However, this mandatory action backfired – an Intervention Order became so common that they were not worth the paper they were written on. Family members were taking out intervention orders against other family members because they yelled at each other, neighbours were taking out intervention orders against their neighbours over a dispute about barking dogs and friends who had fallen out of favour with another person were taking out intervention orders just to be vindictive. The courts in typical fashion were approving every intervention order application that was presented to them.

There became so many active intervention orders in the community, that Police spent the majority of their time responding to calls related to people breaching an intervention order. Police were presenting every case to the courts where a person had breached their intervention order. The courts were receiving so many of these cases that for the offender to receive any punishment, especially gaol sentences, he/she would have to breach the intervention order multiple times before the court would act.

And so the spiral has continued. Offenders did not and still don’t fear any repercussion for breaching an intervention order. If you tell a child that they will get burnt if they play with fire and it doesn’t occur, then how will they stop? It is no different to telling a male that if he harms his partner, wife or children that he will receive strict punishment and when he does harm them, all he gets is a slap on the wrist.

Experts in Australia are now getting together to discuss magical ways in which they can reduce domestic violence in Australia – well the answer isn’t rocket science! Assault a women or your children then you receive a mandatory gaol sentence.

Of course the do-gooders and anti-gaol activists will come out and say that harsh penalties do not reduce crime. My answer is that I don’t particularly care if it doesn’t reduce crime as all I know for sure, is that if a person assaults their loved ones once, and they go to gaol, the family will immediately be safe from further harm from that individual. After a while the amount of offenders committing domestic violence will reduce because the majority of them will be locked up and out of the safe community we all want and demand.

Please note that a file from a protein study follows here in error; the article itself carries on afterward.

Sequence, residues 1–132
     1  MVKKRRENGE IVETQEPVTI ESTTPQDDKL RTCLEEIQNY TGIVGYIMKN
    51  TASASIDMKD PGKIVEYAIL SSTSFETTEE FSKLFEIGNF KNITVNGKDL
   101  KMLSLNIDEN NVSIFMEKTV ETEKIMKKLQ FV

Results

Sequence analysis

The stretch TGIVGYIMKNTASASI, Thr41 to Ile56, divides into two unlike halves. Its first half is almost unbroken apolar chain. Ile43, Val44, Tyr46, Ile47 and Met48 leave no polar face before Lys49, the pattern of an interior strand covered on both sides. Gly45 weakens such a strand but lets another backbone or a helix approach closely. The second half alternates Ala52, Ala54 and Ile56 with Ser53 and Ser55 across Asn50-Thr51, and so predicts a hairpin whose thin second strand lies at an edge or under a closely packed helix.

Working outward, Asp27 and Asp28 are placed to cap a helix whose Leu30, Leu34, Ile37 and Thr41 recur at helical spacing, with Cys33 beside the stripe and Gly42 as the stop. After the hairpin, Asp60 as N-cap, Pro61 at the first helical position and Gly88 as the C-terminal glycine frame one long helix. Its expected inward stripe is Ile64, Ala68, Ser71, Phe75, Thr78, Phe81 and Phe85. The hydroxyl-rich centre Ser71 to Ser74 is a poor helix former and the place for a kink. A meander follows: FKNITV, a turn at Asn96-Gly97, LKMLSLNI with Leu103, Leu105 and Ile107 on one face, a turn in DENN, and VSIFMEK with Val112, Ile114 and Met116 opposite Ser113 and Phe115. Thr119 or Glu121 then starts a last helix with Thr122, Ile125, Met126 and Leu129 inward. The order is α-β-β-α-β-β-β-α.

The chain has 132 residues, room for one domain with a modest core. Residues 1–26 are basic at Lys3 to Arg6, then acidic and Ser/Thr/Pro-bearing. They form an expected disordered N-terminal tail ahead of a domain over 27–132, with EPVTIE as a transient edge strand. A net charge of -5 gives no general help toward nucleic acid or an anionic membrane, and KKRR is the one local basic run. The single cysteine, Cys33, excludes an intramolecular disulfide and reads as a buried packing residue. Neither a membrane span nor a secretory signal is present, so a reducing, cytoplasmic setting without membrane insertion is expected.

My argument is hard to knock down when you look at the 3 cases over the past month in Victoria. The offender who killed his 14 year old son at cricket training was known to police, had numerous intervention orders against him and had assaulted his partner several times previously with no punishment; the offender who stabbed his wife to death in a street in Sunshine was known to police, had numerous intervention orders against him and had just left the court after being told by the courts not to breach his intervention order again; and the offender who killed his two daughters had a history of domestic violence and was known to police.

Unfortunately, unless drastic measures are taken now, men will continue to commit domestic violence, and we will be reading more tragic stories in the newspapers of lives taken by individuals who should have been in gaol in the first instant.

If it were possible and we could ask the 3 children and one woman who were recently killed by their father and husband, – “Did they feel let down by Victoria’s judicial system?” – I wonder what the answer would be.